Luckily the story doesn't end there. In fact, Jesus then calls out, "Take away the stone." And some unknown, unseen (to us) group of people spring into action. People that are filled with the hope that this is not, indeed, the end. People that are filled with the faith to know that even though things look unredeemable, Jesus is able to breathe life into even the most dismal and hopeless and painful of circumstances. People that care so deeply for the one inside the tomb that they are standing by, willing and ready to do whatever it takes to help make that redemption possible. "He can't get out himself," they think, "so why don't we help roll the stone away and just see what Jesus will do." Truth be told, there can never be enough stone-rollers in the world. In fact, what if that's what our churches were full of? Oh what a different world it would be! Stone-rollers don't care about the stink. They don't care about the mess. They don't care about what anyone thinks. They are beyond all of that, because at some point in time someone had the courage and the grace to roll their stone away, so that they might walk out of the grave into the light of new life. And because of that, if there's ever a time when someone needs a stone rolled away (rather than to be avoided or judged or given up on) they want to be the first in line. I've had the privilege of seeing some stone-rollers do their thing in the last couple of days, and let me tell you, it is remarkable. Being a stone-roller is a beautiful, beautiful thing.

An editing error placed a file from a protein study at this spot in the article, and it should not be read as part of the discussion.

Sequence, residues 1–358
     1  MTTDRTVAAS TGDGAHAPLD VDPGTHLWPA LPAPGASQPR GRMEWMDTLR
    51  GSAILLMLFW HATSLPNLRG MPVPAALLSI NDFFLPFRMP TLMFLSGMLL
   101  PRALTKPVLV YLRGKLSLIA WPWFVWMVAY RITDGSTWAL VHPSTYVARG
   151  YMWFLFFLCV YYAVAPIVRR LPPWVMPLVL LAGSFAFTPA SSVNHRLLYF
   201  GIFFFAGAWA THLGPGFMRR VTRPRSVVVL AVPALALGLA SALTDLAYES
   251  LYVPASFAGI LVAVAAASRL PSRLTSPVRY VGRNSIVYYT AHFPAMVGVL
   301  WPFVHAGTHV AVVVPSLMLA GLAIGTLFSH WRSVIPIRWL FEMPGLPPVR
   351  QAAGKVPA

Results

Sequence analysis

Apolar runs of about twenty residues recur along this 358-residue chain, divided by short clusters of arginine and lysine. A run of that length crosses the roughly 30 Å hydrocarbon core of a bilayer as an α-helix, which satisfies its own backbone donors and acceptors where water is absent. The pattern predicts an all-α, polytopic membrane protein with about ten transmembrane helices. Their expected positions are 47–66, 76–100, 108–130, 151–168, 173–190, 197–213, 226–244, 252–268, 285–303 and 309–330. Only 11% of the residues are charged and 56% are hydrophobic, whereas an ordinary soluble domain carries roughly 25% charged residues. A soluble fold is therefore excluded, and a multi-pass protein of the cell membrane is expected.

After the stone is rolled away, Jesus turns his eyes, and his heart, to his Father...the giver of all life. He knows the Father's heart like no one else. He knows the goodness. He knows the faithfulness. He knows the love. And he knows that those standing around, particularly the family of this dead man, are doubting all of that at the moment. Maybe, somehow, they think that it was God's hand that caused all of this pain. But Jesus knows better. He knows the heart of the Father that groans for and with his creation (Romans 8:26) in their most broken hours--and so he prays. He prays that they may believe; believe that he is the God of life even in the face of death, believe that they can trust his heart even when they can't see his hand, believe that he was sent from the Father's side to redeem the unredeemable.
So Jesus calls out the dead man's name and tells him to come out. Notice he doesn't just say Come alive, or Be healed, but Come out. Because a significant part of the new life that Jesus calls us to is leaving the tomb behind. He raises us from the dead, breathes new life into our soul, and then calls each of us to Come out. In fact, coming to life again yet choosing to remain in the tomb is not an option, yet so many people live like it is. So many people, claiming to belong to Jesus, claiming to have been raised from the dead, are still sitting in the darkness of the tomb of shame or guilt or anger or bitterness or unforgiveness or self pity. They are still living a life that is anything but alive. We must take that step out of the tomb. Then, and only then, can the body of Christ (maybe even the same ones who rolled away the stone) come along side us and help us take off the grave clothes so we can be totally alive and totally free.
So really, after he calls our name and brings us back to life again, it is up to us (with the help of His Spirit of course) to obey his voice and take that step (however small it might be at first) out of the tomb and into the warmth of his light and love. In the words of Andy Dufresne, "I guess it comes down to a simple choice, get busy living, or get busy dying." (The Shawshank Redemption)